[MARMAM] PhD positions available (genomics, dolphins, Shark Bay - University of Zurich)

Simon Allen S.Allen at murdoch.edu.au
Mon Jan 27 23:10:44 PST 2014

G'day folks,

Apologies for any cross-postings, but please see the notification below:

Two 3-year PhD positions on dolphin genomics available at the University of Zurich

Overview: I am seeking two highly motivated PhD students for my recently funded project “Male career moves – the genomics of cooperative behaviour and alliance formation in male bottlenose dolphins” at the Evolutionary Genetics Groups of the Anthropological Institute and Museum, University of Zurich (UZH), Switzerland (https://www.uzh.ch/cmsssl/anthro/Research/egg-3.html). My group has broad interests in evolutionary genetics and genomics of primates and delphinids. The work will be conducted in close collaboration with Prof. Richard Connor at the University of Massachusetts - Dartmouth, Simon Allen of Murdoch University, Australia, and Prof. Bill Sherwin at the University of New South Wales, Australia. The work will entail a combination of genomic laboratory work at UZH and fieldwork in Shark Bay, Western Australia. Both positions are for 3 years. Remuneration is according to Swiss PhD salary scales (CHF 48’540 p.a. plus employer social security contributions). Both candidates are expected to spend at least 4 months/year in the field. Start date will be 1st May 2014.

Background: Helping, defined as actions or traits that will benefit other individuals, provides one of the most fascinating conundrums in evolutionary biology. Cooperation is not uncommon in nature. It occurs on all levels of biological organization, from organelles and cells, to individuals or groups of the same species, and even between individuals of different species. Yet, how can helping evolve and be maintained when it seems to be prone to exploitation by either free-riding or defecting individuals? Ever since Hamilton’s seminal work on kin selection, genetic relatedness has been recognized as a critical variable necessary for the full understanding of the evolutionary basis of any social phenomenon. Relatedness is important, because individuals can increase their ‘inclusive’ fitness by assisting their relatives’ reproduction thereby increasing the transmission success of the individual’s own alleles by descent.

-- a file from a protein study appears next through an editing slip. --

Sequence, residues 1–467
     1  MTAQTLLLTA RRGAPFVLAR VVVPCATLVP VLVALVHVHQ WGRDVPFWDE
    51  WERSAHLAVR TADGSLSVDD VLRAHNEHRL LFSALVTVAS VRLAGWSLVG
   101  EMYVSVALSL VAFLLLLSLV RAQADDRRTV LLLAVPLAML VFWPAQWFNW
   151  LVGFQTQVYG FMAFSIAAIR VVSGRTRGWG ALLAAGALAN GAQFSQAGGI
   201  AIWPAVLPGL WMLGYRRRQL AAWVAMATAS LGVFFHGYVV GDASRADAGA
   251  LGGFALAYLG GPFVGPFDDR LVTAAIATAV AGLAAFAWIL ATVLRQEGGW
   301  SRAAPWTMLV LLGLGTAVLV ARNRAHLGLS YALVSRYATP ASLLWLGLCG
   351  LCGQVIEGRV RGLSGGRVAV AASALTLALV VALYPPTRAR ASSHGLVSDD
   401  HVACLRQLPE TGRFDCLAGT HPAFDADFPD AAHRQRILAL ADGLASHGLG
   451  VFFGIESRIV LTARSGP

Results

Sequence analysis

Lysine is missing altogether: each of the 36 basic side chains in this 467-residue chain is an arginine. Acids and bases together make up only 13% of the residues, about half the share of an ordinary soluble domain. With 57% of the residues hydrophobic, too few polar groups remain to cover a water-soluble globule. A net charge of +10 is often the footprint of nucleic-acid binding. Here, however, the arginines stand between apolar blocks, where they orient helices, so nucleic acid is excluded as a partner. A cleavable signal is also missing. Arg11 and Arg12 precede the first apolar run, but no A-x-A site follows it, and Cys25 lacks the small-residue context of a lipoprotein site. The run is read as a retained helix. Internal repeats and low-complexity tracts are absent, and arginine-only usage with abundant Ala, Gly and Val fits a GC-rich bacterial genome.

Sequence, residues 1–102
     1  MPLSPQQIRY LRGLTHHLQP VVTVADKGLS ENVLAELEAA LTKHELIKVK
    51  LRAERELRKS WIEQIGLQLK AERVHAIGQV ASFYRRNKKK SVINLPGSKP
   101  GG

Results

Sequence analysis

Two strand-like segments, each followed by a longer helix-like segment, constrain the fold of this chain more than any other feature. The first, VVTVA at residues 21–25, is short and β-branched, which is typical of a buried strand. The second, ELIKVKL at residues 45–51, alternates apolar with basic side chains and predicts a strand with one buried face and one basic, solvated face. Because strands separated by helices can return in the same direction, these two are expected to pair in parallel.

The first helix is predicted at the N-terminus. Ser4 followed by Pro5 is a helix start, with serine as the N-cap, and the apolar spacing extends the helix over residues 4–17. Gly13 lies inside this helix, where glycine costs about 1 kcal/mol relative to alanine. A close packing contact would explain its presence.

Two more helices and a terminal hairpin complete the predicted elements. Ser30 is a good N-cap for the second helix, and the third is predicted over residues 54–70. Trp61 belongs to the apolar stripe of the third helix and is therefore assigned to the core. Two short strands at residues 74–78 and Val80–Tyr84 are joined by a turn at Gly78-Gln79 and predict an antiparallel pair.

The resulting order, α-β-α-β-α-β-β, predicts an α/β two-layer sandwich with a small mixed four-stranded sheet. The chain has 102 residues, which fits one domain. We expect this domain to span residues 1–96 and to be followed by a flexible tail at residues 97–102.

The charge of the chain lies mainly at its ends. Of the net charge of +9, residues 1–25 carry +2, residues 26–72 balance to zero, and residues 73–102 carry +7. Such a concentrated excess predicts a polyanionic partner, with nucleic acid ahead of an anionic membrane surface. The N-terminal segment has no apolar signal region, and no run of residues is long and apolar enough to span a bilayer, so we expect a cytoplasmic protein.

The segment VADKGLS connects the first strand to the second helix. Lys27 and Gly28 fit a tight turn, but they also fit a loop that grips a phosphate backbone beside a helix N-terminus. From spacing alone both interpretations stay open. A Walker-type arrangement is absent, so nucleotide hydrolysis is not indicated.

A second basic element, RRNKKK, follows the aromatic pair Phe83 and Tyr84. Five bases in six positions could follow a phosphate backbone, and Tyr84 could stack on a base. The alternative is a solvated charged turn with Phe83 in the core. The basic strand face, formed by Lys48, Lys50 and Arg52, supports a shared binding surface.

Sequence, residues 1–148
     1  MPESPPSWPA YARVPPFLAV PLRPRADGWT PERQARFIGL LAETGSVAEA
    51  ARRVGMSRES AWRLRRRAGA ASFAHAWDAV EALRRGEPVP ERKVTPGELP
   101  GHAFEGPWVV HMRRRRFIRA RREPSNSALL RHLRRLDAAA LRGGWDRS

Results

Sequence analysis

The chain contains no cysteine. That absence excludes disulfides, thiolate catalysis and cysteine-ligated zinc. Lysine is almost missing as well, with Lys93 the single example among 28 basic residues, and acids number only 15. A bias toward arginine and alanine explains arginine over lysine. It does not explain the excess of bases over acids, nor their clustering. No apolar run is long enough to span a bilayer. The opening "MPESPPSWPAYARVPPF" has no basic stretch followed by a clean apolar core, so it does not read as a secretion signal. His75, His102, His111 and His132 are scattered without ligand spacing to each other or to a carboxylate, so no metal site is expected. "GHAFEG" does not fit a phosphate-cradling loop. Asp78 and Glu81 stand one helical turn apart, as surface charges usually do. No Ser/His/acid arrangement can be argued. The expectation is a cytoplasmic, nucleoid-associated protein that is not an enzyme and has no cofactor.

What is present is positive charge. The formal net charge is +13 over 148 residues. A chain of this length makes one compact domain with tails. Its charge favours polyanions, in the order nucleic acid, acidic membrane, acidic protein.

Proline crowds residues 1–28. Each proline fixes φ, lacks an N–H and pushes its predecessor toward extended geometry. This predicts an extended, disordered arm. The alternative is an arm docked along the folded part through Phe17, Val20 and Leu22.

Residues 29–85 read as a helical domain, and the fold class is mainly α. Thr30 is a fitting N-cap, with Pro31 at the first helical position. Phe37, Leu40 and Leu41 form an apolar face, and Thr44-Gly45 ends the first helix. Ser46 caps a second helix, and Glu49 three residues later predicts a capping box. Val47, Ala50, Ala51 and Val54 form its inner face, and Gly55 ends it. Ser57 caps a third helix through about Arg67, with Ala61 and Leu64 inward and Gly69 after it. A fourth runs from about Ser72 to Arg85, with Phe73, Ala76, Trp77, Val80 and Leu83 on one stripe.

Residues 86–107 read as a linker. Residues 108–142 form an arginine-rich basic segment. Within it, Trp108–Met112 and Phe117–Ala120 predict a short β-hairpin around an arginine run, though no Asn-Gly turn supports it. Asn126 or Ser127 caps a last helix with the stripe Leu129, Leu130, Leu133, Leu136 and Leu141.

One of the most striking examples of cooperation is found in the Indo-Pacific bottlenose dolphins of Shark Bay, Western Australia, where male dolphins cooperate in pairs and trios (’1st order alliances’) to form ‘consortships’ with individual females for the purpose of gaining exclusive mating access. This research will capitalize on an extremely well-studied, cooperative society, consisting of long-term behavioural, genetic and spatial datasets. We will employ a large-scale RAD-tag approach in order to characterise and score tens of thousands of single nucleotide polymorphisms (SNPs) in each dolphin. Based on the SNP data, relatedness will be estimated and pedigrees will be reconstructed to unprecedented levels of precision and accuracy. Y-chromosomal markers, using next-generation sequencing techniques, will be developed in order to increase our ability to find paternal relatives.

This research will enable far-reaching inferences about genetic factors in the formation and maintenance of one of the most complex mammalian societies known. Knowledge of any genetic correlates of these behaviours will offer powerful comparative data for our own species and others, opening many further fields of research. The potential convergence with human alliances and implications for the social complexity hypothesis means that the results will be of great interest to a diverse audience of biologists, cognitive psychologists, anthropologists, and political scientists.

Requirements: Successful candidates will have a Diploma/Masters degree in a relevant discipline, strong bioinformatic, genomic and genetic skills, some background in evolutionary genetics and experience with fieldwork on marine mammals or primates. For field work, a valid driver’s licence and a restricted coxswains ticket are essential (the latter can be obtained in a one-week course in Perth prior to fieldwork). The ideal candidates will have strong oral and written communication skills in English and the ability to work and share ideas in a collaborative environment. Knowledge of German language is not essential, but may help with everyday life whilst in Zurich.

The students will work in a dynamic research environment and have access to cutting edge next generation sequencing techniques, a behavioural database spanning 30+ years and biopsy samples from over 700 individuals. The Anthropological Institute and others at UZH host several seminar series with high-calibre international speakers. The two PhD positions will be embedded in the Zurich Life Science Graduate School's program in Evolutionary Biology (http://www.lifescience-graduateschool.ch/).

Applications: Interested students should send their application package to michael.kruetzen at aim.uzh.ch<mailto:michael.kruetzen at aim.uzh.ch> before 28th February 2014. The package must include, in one PDF file:

  1.  A cover letter expressing research interests relevant to the position,
  2.  A complete CV, and,
  3.  Reference letters of two academic referees.

Please also attach low-resolution copies of your official academic transcripts and degrees, as well as copies of any publications and Diploma/MSc theses.

Informal enquiries can be addressed to:

Dr Michael Krützen

Anthropological Institute & Museum

University of Zurich

Winterthurerstr. 190

CH-8057 Zurich, Switzerland

Email: michael.kruetzen at aim.uzh.ch<mailto:michael.kruetzen at aim.uzh.ch>
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